New report: Upper Mississippi River in good condition overall, suffers from excess sediment

Contact: Stephen Mikkelson 218-316-3887

New report: Upper Mississippi River in good condition overall, suffers from excess sediment

According to a new draft report released by the Minnesota Pollution Control Agency (MPCA), the Upper Mississippi River from near Grand Rapids to Brainerd is in good condition overall, but has excess sediment in the water in some areas. The report specifically addresses sediment (also known as total suspended solids or TSS) in three stretches of the Upper Mississippi River:

  • The Swan River to the Willow River
  • The Willow River to the Pine River
  • The Pine River to the Crow Wing River

The report, known as a total maximum daily load (TMDL), establishes the amount of a given pollutant that a water body can accept and still meet water quality standards. According to the report, the primary sources of sediment are unregulated, such as riverbed and riverbank erosion of the finely grained, easily erodible Glacial Lake Aitkin/Upham clay deposits. In addition, many watercourses in the area have been altered, including ditches carved out of peatlands. Altered watercourses often suffer from bank erosion and contribute to increased sediment and water flow in downstream waters. 

Some land uses on or near streambanks in the area contribute to greater soil erosion, such as livestock moving around or in the water, the planting of shallow-rooted plants, and activities that expose the soil. Regulated wastewater and stormwater sources contribute a small fraction of the total sediment to this part of the Upper Mississippi River.

This TMDL is a follow-up study stemming from the Upper Mississippi River Monitoring and Assessment Report, which identified TSS as a problem in these three stretches.

The TMDL report is part of the MPCA’s approach to gauging the health of Minnesota’s 80 major watersheds, each of which will have an approved comprehensive watershed management plan by 2025. After intensive water monitoring, the agency and partners evaluate biological conditions in lakes and streams. The MPCA places waters that fail to meet standards on the Impaired Waters List, and develops information and strategies to restore impaired waters and protect healthy ones.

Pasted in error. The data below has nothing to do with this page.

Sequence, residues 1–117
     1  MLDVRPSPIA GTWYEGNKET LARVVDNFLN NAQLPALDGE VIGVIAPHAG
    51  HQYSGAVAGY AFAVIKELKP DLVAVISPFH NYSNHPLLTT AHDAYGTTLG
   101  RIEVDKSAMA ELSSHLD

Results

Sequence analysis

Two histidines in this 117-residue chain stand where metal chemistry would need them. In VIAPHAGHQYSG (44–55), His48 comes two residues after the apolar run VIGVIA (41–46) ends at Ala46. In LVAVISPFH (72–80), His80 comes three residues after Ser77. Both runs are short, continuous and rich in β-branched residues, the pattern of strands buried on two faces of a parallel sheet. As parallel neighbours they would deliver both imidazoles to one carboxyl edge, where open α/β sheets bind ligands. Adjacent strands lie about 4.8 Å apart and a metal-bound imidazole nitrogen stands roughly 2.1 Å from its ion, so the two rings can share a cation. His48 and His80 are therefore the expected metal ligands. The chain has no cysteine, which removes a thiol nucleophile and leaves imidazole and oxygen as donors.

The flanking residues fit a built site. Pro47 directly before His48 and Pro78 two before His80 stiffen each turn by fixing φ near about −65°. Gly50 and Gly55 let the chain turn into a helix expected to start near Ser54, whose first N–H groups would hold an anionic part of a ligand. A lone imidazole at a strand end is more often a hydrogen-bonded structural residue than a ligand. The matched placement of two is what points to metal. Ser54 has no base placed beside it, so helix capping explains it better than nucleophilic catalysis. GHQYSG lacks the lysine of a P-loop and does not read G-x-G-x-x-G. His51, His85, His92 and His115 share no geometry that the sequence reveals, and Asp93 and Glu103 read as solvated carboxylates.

The TMDL report will help guide activities by local, state, and federal partners working to reduce sediment in the river by:

  • Conserving land through easements and acquisition
  • Working with landowners to exclude livestock from direct access to riverbanks
  • Installing riparian buffers and filter strips along riverbanks
  • Adopting stormwater best management practices.

On Tuesday August 18, the public can learn more about this report and the watershed in an online public meeting. For the best experience, join us online before 2:30 p.m.:

  1. Go to www.webex.com
  2. Click “join” in the upper right-hand corner.
  3. Enter Meeting number (access code): 146 935 6110
  4. Enter Meeting password: vYVg92Bk5Au

Or join by phone at 1-415-655-0003. Enter the meeting number (access code): 146 935 6110. When asked for a participant ID, press #.

The draft report is available on the MPCA’s Mississippi River-Brainerd Watershed webpage. Submit comments to or request information from Bonnie Finnerty (218-316-3897, 800-657-3864), MPCA, 7678 College Road, Baxter, MN, 56425 by 4:30 p.m. on Sept. 16.

Written comments must include a statement of the respondent’s interest in the report, and the requested action required by the MPCA, including specific changes to sections of the draft report and the reasons for making those changes